The Impact of Positive Leadership
Were you fortunate enough to have a mentor who became your “personal cheerleader”? Did he or she push you to excel? Perhaps it was a parent, a teacher, a coach, a former boss, or a colleague? Do you recall those words of wisdom they shared with you? How did it make you feel? You felt happy, energized and motivated, right? That is a leader who made a POSITIVE impact on your life.

I remember seeking advice from one of my mentors about pursuing a leadership role for a nationally known industry organization. I shared with him that I didn’t think I was capable of doing the job based on 3 facts: I was a woman, I was a minority, and I was young (under 40 years old at that time). He immediately told me not to “sell myself short”. He said that based on my work ethic, my accomplishments, my positive personality, and my “can do” mentality, I was perfectly capable of taking on this leadership role. My mentor obviously saw something in me that I didn’t see in myself. I took his advice…and I must say that taking that leadership role gave me so much confidence and helped me grow into the person I am today.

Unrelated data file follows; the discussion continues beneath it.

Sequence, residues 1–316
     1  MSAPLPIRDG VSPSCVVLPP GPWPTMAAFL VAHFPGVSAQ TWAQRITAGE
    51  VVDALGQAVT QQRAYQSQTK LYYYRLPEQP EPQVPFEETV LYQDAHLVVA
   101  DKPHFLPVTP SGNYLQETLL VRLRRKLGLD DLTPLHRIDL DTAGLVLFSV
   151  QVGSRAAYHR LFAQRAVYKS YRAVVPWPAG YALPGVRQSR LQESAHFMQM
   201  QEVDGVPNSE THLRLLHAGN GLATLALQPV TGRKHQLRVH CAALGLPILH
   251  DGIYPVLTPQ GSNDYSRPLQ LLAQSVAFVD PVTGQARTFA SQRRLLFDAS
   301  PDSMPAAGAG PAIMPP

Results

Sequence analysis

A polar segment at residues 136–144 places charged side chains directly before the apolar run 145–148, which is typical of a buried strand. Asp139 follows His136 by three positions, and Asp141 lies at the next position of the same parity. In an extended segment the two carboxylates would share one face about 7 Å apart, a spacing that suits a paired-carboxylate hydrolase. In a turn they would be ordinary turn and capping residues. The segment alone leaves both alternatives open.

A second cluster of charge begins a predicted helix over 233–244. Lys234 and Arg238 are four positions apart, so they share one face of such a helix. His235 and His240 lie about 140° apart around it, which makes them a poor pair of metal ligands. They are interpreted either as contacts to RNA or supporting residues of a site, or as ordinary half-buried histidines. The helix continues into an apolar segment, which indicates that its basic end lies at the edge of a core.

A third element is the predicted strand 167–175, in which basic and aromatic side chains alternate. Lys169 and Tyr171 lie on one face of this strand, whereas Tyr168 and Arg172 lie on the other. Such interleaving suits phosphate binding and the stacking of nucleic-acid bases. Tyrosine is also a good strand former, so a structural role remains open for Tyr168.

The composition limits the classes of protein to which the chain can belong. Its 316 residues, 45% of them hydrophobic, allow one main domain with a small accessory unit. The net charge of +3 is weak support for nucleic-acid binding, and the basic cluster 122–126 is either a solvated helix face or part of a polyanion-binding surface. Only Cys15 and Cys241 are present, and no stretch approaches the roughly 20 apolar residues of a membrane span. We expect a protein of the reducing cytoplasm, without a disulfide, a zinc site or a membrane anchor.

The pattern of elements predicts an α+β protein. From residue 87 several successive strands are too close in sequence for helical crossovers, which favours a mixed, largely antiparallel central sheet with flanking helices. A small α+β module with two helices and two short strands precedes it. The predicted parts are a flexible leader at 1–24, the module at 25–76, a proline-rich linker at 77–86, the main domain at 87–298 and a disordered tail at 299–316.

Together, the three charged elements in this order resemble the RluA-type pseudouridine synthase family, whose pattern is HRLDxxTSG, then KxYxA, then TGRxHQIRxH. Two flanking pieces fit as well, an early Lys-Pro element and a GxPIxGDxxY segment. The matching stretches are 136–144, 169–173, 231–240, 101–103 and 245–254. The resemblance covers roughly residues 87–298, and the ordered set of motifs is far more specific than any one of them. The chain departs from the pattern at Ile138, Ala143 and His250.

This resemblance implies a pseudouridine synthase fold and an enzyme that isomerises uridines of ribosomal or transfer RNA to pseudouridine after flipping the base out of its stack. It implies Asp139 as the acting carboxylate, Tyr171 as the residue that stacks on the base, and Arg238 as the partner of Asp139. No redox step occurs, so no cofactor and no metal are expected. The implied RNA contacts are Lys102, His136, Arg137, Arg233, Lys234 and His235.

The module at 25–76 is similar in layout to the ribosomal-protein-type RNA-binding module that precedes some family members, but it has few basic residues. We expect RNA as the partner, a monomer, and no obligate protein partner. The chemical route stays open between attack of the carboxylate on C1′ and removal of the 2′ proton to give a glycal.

I haven’t talked to him in many years since he retired, and moved out of California. But let me tell you…he was a leader who inspired me. I have happy thoughts just thinking of him. I will always be grateful for his guidance because he truly made a POSITIVE impact in my life.

Great Leadership Produces Happy and Healthy Employees
Unfortunately, anyone who holds a position of authority can be called a leader. However, it takes someone with great leadership skills who can positively impact the health and well-being of an individual and that of an entire workforce.

If you are in a leadership role, or aspire to become a leader one day, how would you like to be perceived: being a mediocre leader or being a GREAT leader?